Impact: For employers not in the best financial position, they’ll have to look back at their group health insurance policies to make sure they’re getting the best deal. While it may be troublesome to switch insurers or plans, it might be something worth considering if things aren’t working for you. To help you decide what you need, it’s advisable to look at past claim data to see what your employees are using and identify any gaps.

Result: Companies should consider a different approach. That’s where Pacific Prime comes in. As a specialist in offering corporate insurance solutions and employee benefits, let us show you how our value-added proposition can improve your employee benefits program. And did we mention that’s at no additional cost? To learn more, you can contact us today for obligation-free advice.

Senior Content Creator at Pacific Prime
Suphanida is a Senior Content Creator at Pacific Prime, an award-winning global health insurance and employee benefits specialist.

With over 5 years of experience in the field, Suphanida spends the majority of her day synthesizing complex pieces of insurance-related information and translating this into easy-to-understand, engaging, and effective content across a variety of media such as articles, infographics, whitepapers, videos, and more.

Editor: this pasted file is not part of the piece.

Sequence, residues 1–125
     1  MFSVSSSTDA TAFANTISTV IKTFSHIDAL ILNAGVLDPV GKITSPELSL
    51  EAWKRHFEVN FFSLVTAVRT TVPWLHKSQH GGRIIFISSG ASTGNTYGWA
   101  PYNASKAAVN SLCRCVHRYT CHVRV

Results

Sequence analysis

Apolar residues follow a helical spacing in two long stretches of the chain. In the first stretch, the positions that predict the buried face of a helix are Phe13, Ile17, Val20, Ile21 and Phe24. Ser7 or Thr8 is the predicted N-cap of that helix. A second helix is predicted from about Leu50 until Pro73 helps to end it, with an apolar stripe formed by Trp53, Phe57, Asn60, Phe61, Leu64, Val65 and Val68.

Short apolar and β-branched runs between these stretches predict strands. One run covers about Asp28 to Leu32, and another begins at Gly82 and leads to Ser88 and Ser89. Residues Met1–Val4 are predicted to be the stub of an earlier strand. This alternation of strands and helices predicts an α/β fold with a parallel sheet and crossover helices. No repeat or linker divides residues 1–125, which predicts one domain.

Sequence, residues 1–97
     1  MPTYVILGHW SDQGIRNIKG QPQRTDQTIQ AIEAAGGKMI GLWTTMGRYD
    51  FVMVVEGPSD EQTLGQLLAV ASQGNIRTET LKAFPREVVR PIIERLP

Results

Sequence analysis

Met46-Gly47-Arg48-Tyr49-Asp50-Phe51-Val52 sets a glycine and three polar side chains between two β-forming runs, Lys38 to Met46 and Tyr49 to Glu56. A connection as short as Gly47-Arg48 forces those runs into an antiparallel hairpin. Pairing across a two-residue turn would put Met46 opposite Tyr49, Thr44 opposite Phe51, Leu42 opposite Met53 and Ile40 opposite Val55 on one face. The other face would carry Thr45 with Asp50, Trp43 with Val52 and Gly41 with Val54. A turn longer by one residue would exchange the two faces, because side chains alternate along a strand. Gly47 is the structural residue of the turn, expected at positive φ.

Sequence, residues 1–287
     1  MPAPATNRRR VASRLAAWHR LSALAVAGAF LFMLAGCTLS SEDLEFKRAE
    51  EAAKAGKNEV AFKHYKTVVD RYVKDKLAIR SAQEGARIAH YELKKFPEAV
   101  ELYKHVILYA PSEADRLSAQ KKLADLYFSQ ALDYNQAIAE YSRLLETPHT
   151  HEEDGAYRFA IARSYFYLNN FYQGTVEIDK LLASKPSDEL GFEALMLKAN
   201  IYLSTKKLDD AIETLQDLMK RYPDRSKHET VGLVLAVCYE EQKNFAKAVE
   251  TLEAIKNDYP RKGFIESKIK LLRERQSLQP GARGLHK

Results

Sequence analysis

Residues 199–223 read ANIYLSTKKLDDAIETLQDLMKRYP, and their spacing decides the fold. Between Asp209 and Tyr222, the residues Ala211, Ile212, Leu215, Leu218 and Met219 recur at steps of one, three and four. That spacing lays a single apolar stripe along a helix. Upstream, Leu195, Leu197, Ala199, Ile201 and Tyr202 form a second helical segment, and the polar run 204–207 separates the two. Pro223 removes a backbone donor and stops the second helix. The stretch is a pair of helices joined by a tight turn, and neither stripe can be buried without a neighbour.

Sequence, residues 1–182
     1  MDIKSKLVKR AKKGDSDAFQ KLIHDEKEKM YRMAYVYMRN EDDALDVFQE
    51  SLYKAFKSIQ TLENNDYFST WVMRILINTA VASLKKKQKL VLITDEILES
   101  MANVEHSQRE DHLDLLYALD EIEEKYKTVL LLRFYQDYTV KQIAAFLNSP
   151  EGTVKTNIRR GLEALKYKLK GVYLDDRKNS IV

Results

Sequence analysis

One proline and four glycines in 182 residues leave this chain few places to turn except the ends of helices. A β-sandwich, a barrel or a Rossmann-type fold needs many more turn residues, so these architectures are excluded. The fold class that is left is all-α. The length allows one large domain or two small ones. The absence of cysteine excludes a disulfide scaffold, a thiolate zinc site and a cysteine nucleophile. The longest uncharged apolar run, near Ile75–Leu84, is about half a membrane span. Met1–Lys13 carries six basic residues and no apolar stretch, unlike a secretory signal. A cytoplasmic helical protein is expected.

Suphanida is also responsible for planning and publishing three whitepapers released annually by Pacific Prime: The State of Health Insurance Report, The Cost of Health Insurance Report, and The Global Employee Benefits Trends Report. Additionally, she handles the LinkedIn profiles of Pacific Prime’s Founder and CEO, as well as Global HR Lead.

Suphanida’s strengths lie in her strong research and analytical skills, which she has gained from her BA in Politics from the University of Warwick and Erasmus Mundus Joint MA in Journalism from Aarhus University and City, University of London.

Being of Thai-Indian origin and having lived, studied, and worked in Thailand, the UK, and Denmark, Suphanida also has a unique, multicultural perspective that helps her understand the struggles of expats and globetrotters.

Outside of work, she enjoys traveling to new places and immersing herself in different cultures.
Suphanida Thakral